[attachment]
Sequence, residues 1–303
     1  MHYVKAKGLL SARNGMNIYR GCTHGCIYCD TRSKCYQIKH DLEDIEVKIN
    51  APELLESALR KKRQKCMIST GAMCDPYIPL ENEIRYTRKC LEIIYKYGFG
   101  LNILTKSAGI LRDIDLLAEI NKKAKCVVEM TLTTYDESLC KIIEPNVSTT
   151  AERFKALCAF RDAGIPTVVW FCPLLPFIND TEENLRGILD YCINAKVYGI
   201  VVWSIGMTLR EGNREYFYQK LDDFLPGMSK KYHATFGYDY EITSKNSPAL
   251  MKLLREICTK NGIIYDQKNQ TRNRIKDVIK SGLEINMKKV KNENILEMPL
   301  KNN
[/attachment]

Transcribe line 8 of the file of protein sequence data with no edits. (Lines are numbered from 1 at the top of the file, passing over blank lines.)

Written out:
   301  KNN